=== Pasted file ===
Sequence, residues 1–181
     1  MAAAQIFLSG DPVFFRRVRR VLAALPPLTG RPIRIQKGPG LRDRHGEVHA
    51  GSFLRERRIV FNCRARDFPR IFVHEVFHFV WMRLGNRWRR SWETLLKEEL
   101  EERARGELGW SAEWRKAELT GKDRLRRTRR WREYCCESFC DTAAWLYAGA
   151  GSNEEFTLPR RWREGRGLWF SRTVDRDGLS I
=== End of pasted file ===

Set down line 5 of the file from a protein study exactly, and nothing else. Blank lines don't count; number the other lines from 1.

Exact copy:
   151  GSNEEFTLPR RWREGRGLWF SRTVDRDGLS I